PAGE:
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Rifle & Drill

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Rifle & Drill
Leonaur Original
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Author(s): S. Bertram Browne
Date Published: 2011/09
Page Count: 152
Softcover ISBN-13: 978-0-85706-634-3
Hardcover ISBN-13: 978-0-85706-633-6

Soldiers and their weapons

These two military instruction guides have been published together because they are the work of a common author, S. Bertram Browne, and because both concern aspects of the business of soldiering from the perspective of ordinary soldiers in the British Army of mid nineteenth century. The young Queen Victoria came to the throne in 1837 and by the time the new Enfield Rifle Musket was introduced, some sixteen years later, her armies were engaged in colonial wars across the world and were on the verge of substantial conflicts in the Crimea and India. Their weapon was a .577 calibre muzzle loading ‘Minie’ rifle-musket of the type used by the British Army until 1867, when it was replaced by (or in many cases converted to) the cartridge-loading Snider Enfield rifle. The Enfield Rifle Musket was used by several armies and was notably employed in the Crimea and the New Zealand Wars by the British. Its particular notoriety arises from the Indian Mutiny, for it was this weapon—especially the method of loading it and the pig fat that allegedly protected the cartridge, thus defiling their caste—that has been cited as one of the principal causes of disaffection among the ranks of the Bengal Army, the outbreak of mutiny and its rapid spread. The Enfield Rifle Musket was also used in the American Civil War where, among others, Chamberlain’s legendary 20th Maine were armed with it as they defended Little Round Top at Gettysburg. This ‘companion’ naturally explains to the reader everything about the gun’s, use, care, construction and maintenance. The second guide in this volume contains a very interesting text best defined by its title and includes many diagrams which will be informative to the student of the period and instructive for re-enactors etc.
Leonaur editions are newly typeset and are not facsimiles; each title is available in softcover and hardback with dustjacket.

In going through the turnings, the left heel must never quit the ground; but the soldier must turn on it as on a pivot, the right foot being drawn back to turn the body to the right, and carried forward to turn it to the left; the body must incline forward, the knees being kept straight.<br>
In the first of all the following motions, the foot is to be carried back, or brought forward, without a jerk, the movement being from the hip; so that the body may be kept perfectly steady until it commences to turn.<br>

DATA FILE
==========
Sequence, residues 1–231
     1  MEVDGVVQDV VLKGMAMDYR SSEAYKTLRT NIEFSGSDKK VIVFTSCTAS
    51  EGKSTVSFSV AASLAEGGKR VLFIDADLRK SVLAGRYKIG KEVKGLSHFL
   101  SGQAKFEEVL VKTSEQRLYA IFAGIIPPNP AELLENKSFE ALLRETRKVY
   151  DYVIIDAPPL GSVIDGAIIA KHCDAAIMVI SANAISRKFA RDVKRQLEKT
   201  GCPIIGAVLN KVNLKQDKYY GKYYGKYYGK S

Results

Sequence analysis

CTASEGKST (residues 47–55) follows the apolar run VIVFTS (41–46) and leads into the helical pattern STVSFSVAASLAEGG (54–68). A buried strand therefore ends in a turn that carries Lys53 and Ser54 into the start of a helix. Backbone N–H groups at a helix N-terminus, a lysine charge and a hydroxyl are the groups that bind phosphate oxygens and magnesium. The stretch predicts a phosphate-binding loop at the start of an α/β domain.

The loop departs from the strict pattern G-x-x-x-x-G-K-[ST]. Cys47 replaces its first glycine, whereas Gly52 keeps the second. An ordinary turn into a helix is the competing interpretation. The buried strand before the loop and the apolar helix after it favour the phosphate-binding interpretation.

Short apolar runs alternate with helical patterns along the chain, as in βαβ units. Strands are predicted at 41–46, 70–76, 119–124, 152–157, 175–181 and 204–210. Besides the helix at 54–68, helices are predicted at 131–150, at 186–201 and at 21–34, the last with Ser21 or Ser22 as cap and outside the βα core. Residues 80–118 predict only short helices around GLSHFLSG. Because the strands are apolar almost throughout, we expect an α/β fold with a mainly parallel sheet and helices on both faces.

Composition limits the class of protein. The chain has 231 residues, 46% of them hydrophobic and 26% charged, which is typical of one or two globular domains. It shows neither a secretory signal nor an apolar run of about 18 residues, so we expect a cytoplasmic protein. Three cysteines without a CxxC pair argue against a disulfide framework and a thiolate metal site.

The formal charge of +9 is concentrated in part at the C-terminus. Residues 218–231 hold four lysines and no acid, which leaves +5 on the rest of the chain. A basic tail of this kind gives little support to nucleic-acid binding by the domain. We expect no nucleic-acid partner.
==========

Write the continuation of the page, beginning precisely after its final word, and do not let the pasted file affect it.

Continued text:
Right-Turn.—On the word “Turn,” place the hollow of the right foot smartly against the left heel, keeping the shoulders square to the front.<br>
Two.—On the word “Two” raise the toes, and turn a quarter circle to the right on both heels, which must be pressed together.<br>
Left-Turn.—On the word “Turn,” place the right heel against the hollow of the left foot, keeping the shoulders square to the front.<br>
Two.—On the word “Two,” raise the toes, and turn a quarter circle to the left on both heels, which must be pressed together.<br>
Right about-Turn.—On the word “Turn,” place the ball of the right toe against the left heel, keeping the shoulders square to the front.<br>
Two.—On the word “Two” raise the toes, and turn to the right about on both heels.<br>
Three.—On the word “Three,” bring the right foot smartly back in a line with the left.<br>
Left about-Turn.—On the word “Turn,” place the right heel against the ball of the left toe, keeping the shoulders square to the front.<br>
Two.—On the word “Two,” raise the toes, and turn to the left about on both heels.<br>
Three.—On the word “Three,” bring up the right foot smartly in a line with the left.<br>
Half-Right (or Left)-Turn.—On the word “Turn,” draw back (or advance) the right foot one inch.<br>
Two.—On the word “Two,” raise the toes and turn half right (or left) on both heels.<br>
Three-quarters-Right (or Left) about-Turn. Two. Three.—Make a three-quarters turn in the given direction in the same manner as in turning about.<br>
Squad-Front.—After any of the foregoing turnings, the word “Front” may be given, on which the whole will turn, as accurately as possible, to their former front.<br>
When the soldier has previously turned about, he will always front by the right about. But if he has turned to the three-quarters right about, he will front by the three-quarters left about; and vice versa.<br>
At squad drill with intervals, the turnings will always be done by numbers, except when the word “Front” is given, in which case the soldier will judge the time, which must be a pause of slow time after each motion.